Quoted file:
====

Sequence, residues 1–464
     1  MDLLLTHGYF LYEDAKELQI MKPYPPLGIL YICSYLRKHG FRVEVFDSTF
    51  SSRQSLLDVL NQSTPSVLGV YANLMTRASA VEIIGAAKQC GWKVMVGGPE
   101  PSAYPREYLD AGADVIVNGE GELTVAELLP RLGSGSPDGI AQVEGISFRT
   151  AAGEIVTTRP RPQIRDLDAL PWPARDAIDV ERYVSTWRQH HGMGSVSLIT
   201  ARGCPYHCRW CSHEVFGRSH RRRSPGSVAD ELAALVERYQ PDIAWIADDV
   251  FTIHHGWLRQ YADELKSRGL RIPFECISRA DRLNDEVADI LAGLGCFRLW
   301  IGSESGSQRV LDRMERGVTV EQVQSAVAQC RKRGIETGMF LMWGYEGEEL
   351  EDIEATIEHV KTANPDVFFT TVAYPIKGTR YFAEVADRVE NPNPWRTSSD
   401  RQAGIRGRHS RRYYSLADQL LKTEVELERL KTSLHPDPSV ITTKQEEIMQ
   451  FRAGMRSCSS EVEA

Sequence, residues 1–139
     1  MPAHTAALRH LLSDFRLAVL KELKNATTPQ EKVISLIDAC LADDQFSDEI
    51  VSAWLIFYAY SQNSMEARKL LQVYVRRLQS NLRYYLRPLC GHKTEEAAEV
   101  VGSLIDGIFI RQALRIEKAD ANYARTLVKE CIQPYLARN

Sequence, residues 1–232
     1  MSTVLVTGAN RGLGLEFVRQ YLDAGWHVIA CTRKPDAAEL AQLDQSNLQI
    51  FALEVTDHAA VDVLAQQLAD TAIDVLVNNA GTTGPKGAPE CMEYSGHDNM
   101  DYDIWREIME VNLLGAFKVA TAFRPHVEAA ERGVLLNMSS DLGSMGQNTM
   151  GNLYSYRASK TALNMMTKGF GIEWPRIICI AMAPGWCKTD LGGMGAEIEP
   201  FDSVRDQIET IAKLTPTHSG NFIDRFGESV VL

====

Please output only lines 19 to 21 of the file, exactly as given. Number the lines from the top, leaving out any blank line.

   101  DYDIWREIME VNLLGAFKVA TAFRPHVEAA ERGVLLNMSS DLGSMGQNTM
   151  GNLYSYRASK TALNMMTKGF GIEWPRIICI AMAPGWCKTD LGGMGAEIEP
   201  FDSVRDQIET IAKLTPTHSG NFIDRFGESV VL